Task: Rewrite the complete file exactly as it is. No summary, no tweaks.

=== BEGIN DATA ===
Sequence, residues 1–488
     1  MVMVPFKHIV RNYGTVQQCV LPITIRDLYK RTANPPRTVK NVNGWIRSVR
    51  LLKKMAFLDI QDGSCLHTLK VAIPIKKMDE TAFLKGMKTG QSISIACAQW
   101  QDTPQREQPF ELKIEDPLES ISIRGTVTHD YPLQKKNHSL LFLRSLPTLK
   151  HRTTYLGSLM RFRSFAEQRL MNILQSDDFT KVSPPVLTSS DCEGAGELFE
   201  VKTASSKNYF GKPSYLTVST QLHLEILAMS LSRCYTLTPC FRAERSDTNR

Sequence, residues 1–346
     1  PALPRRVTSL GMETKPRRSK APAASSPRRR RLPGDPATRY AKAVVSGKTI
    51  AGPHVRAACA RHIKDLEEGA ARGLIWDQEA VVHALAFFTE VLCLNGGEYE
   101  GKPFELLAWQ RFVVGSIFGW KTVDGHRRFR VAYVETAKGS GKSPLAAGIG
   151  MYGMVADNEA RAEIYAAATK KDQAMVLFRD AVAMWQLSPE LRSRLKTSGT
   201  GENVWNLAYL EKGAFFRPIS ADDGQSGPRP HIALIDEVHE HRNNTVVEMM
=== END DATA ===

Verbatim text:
Sequence, residues 1–488
     1  MVMVPFKHIV RNYGTVQQCV LPITIRDLYK RTANPPRTVK NVNGWIRSVR
    51  LLKKMAFLDI QDGSCLHTLK VAIPIKKMDE TAFLKGMKTG QSISIACAQW
   101  QDTPQREQPF ELKIEDPLES ISIRGTVTHD YPLQKKNHSL LFLRSLPTLK
   151  HRTTYLGSLM RFRSFAEQRL MNILQSDDFT KVSPPVLTSS DCEGAGELFE
   201  VKTASSKNYF GKPSYLTVST QLHLEILAMS LSRCYTLTPC FRAERSDTNR

Sequence, residues 1–346
     1  PALPRRVTSL GMETKPRRSK APAASSPRRR RLPGDPATRY AKAVVSGKTI
    51  AGPHVRAACA RHIKDLEEGA ARGLIWDQEA VVHALAFFTE VLCLNGGEYE
   101  GKPFELLAWQ RFVVGSIFGW KTVDGHRRFR VAYVETAKGS GKSPLAAGIG
   151  MYGMVADNEA RAEIYAAATK KDQAMVLFRD AVAMWQLSPE LRSRLKTSGT
   201  GENVWNLAYL EKGAFFRPIS ADDGQSGPRP HIALIDEVHE HRNNTVVEMM